At Henderson Primary School our tamariki investigated how we can create a more sustainable learning environment. With assistance from Maggie at Power Technology Henderson Primary School students came up with a proposal that Solar be installed at our kura. Their presentation to our Board of Trustees was very persuasive and we decided to accept the proposal. The team at Power Technology were efficient and professional and the installation process was hassle free for us. We look forward to many years of continuing to enhance tamariki learning by providing a sustainable living environment." – Tony Biddick, Principal Henderson Primary.

A group of Henderson Primary students sit on the ground in front of a classroom with solar panels on the roof. They are waving for a drone photo.(see above, Henderson Primary Students and teachers waving for a drone photo)

New Zealand Solar Schools programme manager

Power Technology’s New Zealand Solar Schools programme manager is Maggie Twaddle. Maggie is an ex-Principal, teacher and an educational leader in New Zealand. She has been at the cutting edge of new programmes and possesses a large amount of experience in both the state and independent school sector. In the last twelve years, Maggie has used her experience to develop education programmes about solar energy and energy efficiency. She had a major role in developing the Schoolgen programme, and has been a key influence in the development of the New Zealand Solar Schools programme at Power Technology.

"Maggie held regular workshops with our lead students and the resources she developed to support the programme were excellent. Each aspect was levelled according to the New Zealand curriculum, including authentic learning tasks. She inspired the children to become aware of the positive effect they could have on the planet, by using renewable energy sources." – Beth Noakes, Principal May Road School

With the New Zealand Solar Schools programme, Maggie supports schools enabling them to have large solar arrays on their premises’. In addition to this, she supports and enables teachers to educate students about renewable energy – preparing them for their future.  The educational journey she offers is completely in-line with the required curriculum outcomes in New Zealand schools. Supporting schools with this personal interaction with teachers and students is unique – there is nothing else like it in New Zealand!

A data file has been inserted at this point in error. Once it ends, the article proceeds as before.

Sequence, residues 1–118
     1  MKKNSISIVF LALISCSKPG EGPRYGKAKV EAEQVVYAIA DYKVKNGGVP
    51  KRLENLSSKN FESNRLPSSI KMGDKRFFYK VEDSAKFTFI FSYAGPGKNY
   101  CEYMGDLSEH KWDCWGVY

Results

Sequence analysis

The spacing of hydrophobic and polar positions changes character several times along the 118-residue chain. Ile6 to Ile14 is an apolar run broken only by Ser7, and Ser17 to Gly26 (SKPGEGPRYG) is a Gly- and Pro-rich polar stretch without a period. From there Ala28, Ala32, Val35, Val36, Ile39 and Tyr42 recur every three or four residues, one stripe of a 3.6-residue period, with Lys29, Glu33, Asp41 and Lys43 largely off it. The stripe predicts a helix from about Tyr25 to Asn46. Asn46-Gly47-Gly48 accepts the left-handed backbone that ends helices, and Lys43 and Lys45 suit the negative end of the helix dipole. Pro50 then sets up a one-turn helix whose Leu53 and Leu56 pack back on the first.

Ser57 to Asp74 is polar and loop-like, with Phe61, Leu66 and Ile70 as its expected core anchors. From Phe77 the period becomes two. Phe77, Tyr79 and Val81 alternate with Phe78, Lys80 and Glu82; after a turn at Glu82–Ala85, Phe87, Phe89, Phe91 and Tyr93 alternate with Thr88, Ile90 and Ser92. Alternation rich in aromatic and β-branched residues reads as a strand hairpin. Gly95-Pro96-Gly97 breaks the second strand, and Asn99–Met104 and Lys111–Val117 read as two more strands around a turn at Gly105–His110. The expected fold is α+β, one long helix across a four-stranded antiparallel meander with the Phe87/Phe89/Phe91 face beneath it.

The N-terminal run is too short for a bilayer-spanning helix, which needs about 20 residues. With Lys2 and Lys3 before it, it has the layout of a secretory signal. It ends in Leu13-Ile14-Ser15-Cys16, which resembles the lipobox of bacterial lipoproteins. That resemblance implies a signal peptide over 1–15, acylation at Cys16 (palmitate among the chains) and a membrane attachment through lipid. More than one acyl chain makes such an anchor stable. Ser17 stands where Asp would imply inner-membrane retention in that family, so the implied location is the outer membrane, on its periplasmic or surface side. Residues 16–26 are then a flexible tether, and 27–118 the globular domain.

Local Energy Market

A Local Energy Market (LEM) is, in short, an energy sharing platform for communities to share their power with one another. This enables consumers in communities who have a surplus of energy from their own renewable energy sources to sell or gift it within their LEM, and in turn for consumers with a deficit of energy to purchase it. This creates a local marketplace for communities to take control of their own energy consumption, limiting the necessity of a large energy retailer.

Why is a Local Energy Market beneficial?

The main reason that LEM’s are beneficial is because of their ability to limit the reliance of consumers on established energy retailers. An LEM gives the power to people, and grants them the ability to create their own communal marketplace on which they can share power. This offers the consumer a large amount of flexibility, efficient power usage and in the long run a strengthened communal feeling.

Our Energy and Power Technology Partnership

The implementation of the Local Energy Market initiative requires software and hardware based solutions. The software side of the initiative will be fulfilled by Our Energy, a registered energy retailer, who will provide their peer-to-peer based energy trading software named lemonade. Power Technology will provide the hardware side of this initiative, which consists of the solar modelling and installation.

Together they will strive to implement LEM’s into schools across New Zealand, educating children further on the usage and payment of energy. Power Technology has already been educating children in the past through said program.
 
Want to learn more about this joint venture? Read Craig Greaves’ dedicated article here.

To conclude

The main goal of the New Zealand Solar Schools programme is to support every school in New Zealand to enable them to enjoy the benefits of having a solar array on the roof of their school. Furthermore, we strive to teach children how solar energy and energy efficiency works in a fun and exciting way that will foster the imagination of our future leaders and decision makers.

We hope that in the years to come, ‘A solar array installed on a school by the New Zealand Solar Schools programme’ will become a collocation – meaning that these words are commonly used together in a sentence.

If you are interested in registering your school for the New Zealand Solar Schools programme, click here.

If you would like more information concerning the New Zealand Solar Schools programme, click here.

Sources

SEANZ. (2019). Sustainable Energy for a Sustainable Future. Unknown: SEANZ.

Transpower. (2019). The sun rises on a solar energy future. Unknown: Transpower.